In January 2010, the Ministry of Health, Royal Government of Bhutan, in association with the World Bank and with support from other development partners including WHO and DANIDA, had organized a workshop on strategic options for sustainable health financing in Bhutan. This workshop deliberated on international health financing models and concepts, as relevant to the Bhutanese context, and the specific aspects of the Bhutanese health system and health financing system were analyzed. The proposed plan of action of the MOH was also discussed in detail. The workshop concluded with a recommendation to strengthen the evidence base which could lead to more informed policy making for the health sector in Bhutan. A list of proposed studies which were recommended by the workshop and later accepted in the joint review mission of the health sector as priority areas for Bhutan, are listed at annexure 1.
As a follow up on the recommendations of the 2010 workshop, the Ministry of Health conducted three of these identified studies during 2011, each undertaken within a span of 3-6 months, namely,
- National Health Accounts for Bhutan,
- Costing of health services at different levels, and
- GIS mapping of health facilities and key health outcomes.
The studies have used Fiscal Year 2009-2010 data (which were the most recent and complete set of data available), and were undertaken with financial and technical assistance from the World Bank under the ongoing Human Development Public Expenditure Review (HD PER) initiative. The Ministry and the World Bank jointly worked on final dissemination products as an outcome of these studies.
As planned during the inception of the studies, a high level discussion on the emerging findings of the studies was accordingly planned for 19th December 2011. This policymakers’ roundtable was attended by the Hon’ble Minister for Health, Hon’ble Members of Parliament, Senior Government Officials, Representative of Development Partners and other stakeholders.
Outline of the Programme:
The discussions in the roundtable essentially consisted of key presentations on the health financing context for Bhutan, as well as discussions on the policy insights generated by these studies, led by the MOH and the World Bank. There was also a panel discussion on further planned studies and roadmap, chaired by the Hon’ble Health Minister.
From the World Bank, the resource person invited for the dissemination included Mr. Pablo Gottret, Lead Economist, World Bank; Mr. Albertus Voetberg, Lead Health Specialist, World Bank and Mr. Somil Nagpal, Health Specialist, World Bank. On behalf of the World Bank country office, Mr Mark LaPrairie, Country Representative, introduced the resource persons and set the ball rolling for the discussions. The event was financially supported from the Health Results Innovation Trust Fund of the World Bank.
Stated Objectives of the Roundtable:
The High Level Dissemination was expected to meet the following objectives:
- To apprise the policy makers of the contextual factors for health financing in Bhutan based on international and regional experience.
- To discuss the emerging findings from the studies undertaken under the PER, identify areas for further policy action and to give directions for the remaining studies under the PER.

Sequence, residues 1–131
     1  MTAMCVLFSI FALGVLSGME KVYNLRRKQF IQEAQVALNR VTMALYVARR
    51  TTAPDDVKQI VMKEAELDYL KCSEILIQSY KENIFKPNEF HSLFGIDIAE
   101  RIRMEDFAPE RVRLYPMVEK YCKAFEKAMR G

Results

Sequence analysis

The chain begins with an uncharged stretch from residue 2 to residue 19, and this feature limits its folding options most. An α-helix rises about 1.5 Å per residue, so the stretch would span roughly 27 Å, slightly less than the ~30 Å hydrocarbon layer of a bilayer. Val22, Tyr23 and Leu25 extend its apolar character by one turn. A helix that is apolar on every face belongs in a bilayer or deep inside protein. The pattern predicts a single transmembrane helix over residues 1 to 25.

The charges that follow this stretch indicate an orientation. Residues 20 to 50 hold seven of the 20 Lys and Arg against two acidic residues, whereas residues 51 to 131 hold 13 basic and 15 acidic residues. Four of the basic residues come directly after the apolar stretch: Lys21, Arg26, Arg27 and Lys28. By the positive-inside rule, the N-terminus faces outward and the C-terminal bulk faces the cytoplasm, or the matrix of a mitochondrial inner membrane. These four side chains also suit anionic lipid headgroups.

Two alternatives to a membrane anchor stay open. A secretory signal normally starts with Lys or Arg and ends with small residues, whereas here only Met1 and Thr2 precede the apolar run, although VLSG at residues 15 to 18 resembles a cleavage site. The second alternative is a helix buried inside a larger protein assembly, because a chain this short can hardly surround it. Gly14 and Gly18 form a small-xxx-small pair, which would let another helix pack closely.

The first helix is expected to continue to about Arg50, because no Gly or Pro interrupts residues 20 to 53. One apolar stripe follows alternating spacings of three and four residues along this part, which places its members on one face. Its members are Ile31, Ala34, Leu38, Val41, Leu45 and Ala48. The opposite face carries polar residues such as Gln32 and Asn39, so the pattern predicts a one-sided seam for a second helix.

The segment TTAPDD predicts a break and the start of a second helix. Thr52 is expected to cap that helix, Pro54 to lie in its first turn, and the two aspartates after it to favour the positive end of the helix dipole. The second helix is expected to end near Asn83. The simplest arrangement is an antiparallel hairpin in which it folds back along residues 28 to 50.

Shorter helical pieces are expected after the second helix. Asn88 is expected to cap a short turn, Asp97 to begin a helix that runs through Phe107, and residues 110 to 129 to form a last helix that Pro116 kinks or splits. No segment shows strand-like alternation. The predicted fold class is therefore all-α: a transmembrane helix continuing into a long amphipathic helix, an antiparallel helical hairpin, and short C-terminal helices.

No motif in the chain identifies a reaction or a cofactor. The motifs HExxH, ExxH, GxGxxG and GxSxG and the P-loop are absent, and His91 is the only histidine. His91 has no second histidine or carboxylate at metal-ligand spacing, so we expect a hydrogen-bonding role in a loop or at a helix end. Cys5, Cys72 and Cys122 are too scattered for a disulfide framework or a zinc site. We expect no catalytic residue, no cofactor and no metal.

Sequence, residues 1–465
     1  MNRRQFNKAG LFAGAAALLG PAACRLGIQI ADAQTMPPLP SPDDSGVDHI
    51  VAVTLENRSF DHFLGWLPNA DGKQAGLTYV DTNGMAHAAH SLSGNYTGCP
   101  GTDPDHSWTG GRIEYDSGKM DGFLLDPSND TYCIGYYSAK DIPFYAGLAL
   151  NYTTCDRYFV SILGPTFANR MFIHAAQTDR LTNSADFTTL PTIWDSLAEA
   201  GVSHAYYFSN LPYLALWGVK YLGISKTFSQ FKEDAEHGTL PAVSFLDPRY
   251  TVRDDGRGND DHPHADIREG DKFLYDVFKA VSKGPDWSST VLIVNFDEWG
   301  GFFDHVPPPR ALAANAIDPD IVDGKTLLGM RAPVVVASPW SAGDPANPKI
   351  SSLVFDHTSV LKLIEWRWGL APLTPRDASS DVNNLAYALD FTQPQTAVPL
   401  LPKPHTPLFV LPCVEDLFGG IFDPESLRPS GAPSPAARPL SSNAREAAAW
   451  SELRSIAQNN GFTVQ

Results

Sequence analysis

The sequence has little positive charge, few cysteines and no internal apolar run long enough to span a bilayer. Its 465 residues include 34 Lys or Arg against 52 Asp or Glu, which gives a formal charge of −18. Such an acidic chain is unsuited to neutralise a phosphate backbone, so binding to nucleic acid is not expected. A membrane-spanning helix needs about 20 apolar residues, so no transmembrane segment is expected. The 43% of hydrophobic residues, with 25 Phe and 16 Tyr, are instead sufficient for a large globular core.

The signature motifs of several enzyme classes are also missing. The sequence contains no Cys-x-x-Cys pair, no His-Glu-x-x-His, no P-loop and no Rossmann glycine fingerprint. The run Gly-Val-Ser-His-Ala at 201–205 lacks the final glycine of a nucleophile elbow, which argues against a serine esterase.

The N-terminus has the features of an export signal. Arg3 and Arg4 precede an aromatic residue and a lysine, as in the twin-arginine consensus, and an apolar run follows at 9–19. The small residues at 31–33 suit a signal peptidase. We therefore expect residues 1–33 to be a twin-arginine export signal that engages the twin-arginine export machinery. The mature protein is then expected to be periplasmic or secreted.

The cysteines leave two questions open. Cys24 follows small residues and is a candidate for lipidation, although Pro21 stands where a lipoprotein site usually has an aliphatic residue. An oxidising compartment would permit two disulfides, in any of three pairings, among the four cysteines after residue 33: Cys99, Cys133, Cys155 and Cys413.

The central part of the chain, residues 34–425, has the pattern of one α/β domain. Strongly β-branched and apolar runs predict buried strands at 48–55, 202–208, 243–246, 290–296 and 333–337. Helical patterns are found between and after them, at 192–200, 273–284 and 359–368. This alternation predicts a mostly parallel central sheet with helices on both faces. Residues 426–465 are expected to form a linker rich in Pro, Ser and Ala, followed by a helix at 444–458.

Report of the Roundtable Deliberations:
Mr Kado Zangpo, Chief planning officer, Ministry of Health started the meeting with a welcome note. Welcoming Hon’ble minister for health, Members of Parliament, resident coordinators of UN agencies, Secretaries to the Royal Government of Bhutan, representatives of development partners, media houses and other officials, he informed that the high-level meeting had been organized by the MoH in light of the 58th World Health Assembly (WHA) resolution (2005), 62nd WHA resolution (2009), and 64th WHA (2011) which called for development of health financing structure including avoiding the payment of user charges by patients at the point of health service delivery- reasons for financial catastrophe and impoverishment. He emphasized that in Bhutan, the constitution requires the free provision of basic health care- a result of effective planning and efficient management of resources- and thus meeting this constitutional right of citizens is an obligation of the government. He brought to the notice of the audience that in Bhutan, there is no payment at the point of service delivery. However, some portions of the population do make out of pocket payments which include those for transportation, certain medications and self-referred treatment outside the country. Citing from NHA 2010, he said that out-of-pocket (OOP) payments constituted only 11% of the total health expenditure in the country. Remarking that healthcare costs are increasing throughout the globe due to technological enhancement and demand for health care services, estimates by McKinsey suggest that healthcare cost would double in next 5 years, whereas there has been a decline in government healthcare spending from 7.6% in 2005-06 to 6.27% of the budget in 2009-10 and from 30% to 18% in share of external financing during the same period. He stated that the strength of Bhutanese healthcare system is, however, the provision of same quality of care irrespective of social or economic stature including at places which are in mountainous regions. He concluded that the present meeting is to fill existing gaps in the health financing structure and empower it with sustainability.